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The Effectiveness of Software Development Instruction Through the Software Factory Method for High School Students (Work In Progress)

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2016 ASEE Annual Conference & Exposition


New Orleans, Louisiana

Publication Date

June 26, 2016

Start Date

June 26, 2016

End Date

August 28, 2016





Conference Session

K-12 & Pre-College Engineering Division Poster Session: Works in Progress

Tagged Division

Pre-College Engineering Education Division

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Paper Authors


Clemente Izurieta Montana State University

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Dr. Izurieta is an Assistant Professor in the Computer Science department at Montana State University. Born in Santiago, Chile, his research interests include empirical software engineering, design and architecture of software systems, design patterns, the measurement of software quality, pedagogical approaches to software engineering and technical debt quantification. Dr. Izurieta received a PhD in Computer Science from Colorado State University and has approximately 16 years experience working for various R&D labs at Hewlett Packard and Intel Corporation.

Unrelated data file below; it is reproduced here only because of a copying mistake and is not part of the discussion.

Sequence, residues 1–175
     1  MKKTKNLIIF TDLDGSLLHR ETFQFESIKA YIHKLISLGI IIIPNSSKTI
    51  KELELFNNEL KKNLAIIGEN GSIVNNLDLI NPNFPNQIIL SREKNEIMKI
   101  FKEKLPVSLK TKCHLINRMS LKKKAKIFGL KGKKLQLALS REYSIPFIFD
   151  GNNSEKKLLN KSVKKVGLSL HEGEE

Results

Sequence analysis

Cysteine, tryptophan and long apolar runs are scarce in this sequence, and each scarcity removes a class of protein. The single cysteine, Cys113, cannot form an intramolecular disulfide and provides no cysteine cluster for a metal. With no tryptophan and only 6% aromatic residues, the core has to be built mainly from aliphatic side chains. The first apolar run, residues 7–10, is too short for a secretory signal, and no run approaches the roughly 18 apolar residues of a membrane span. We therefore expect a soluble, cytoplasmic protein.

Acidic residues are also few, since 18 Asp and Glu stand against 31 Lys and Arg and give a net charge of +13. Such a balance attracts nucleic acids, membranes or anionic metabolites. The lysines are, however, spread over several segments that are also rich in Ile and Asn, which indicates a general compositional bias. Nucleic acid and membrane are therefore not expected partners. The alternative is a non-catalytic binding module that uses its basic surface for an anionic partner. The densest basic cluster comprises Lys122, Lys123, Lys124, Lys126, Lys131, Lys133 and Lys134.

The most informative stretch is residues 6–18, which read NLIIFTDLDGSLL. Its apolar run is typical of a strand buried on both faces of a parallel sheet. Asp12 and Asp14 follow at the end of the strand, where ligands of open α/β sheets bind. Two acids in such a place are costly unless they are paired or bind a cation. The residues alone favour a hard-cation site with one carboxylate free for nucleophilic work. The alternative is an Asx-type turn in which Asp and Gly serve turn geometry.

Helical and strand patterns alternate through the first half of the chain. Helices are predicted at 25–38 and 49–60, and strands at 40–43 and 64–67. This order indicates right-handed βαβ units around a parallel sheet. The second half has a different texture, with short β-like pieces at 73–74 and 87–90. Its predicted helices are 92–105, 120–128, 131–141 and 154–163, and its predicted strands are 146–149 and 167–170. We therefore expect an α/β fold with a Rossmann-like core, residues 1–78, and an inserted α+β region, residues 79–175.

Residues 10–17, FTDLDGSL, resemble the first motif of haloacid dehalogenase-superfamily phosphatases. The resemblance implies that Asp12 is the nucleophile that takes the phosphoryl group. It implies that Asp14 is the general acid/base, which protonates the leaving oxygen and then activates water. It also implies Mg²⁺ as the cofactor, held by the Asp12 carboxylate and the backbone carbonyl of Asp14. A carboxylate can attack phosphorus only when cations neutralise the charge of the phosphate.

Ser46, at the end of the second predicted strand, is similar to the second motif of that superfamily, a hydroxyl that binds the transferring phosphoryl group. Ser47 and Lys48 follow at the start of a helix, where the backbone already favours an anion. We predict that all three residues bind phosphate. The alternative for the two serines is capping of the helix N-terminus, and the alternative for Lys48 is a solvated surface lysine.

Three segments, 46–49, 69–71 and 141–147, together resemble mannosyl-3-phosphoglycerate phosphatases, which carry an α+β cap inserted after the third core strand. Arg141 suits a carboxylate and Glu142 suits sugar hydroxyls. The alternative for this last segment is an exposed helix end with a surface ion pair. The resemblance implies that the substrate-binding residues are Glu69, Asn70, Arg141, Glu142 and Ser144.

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Michael Trenk Montana State University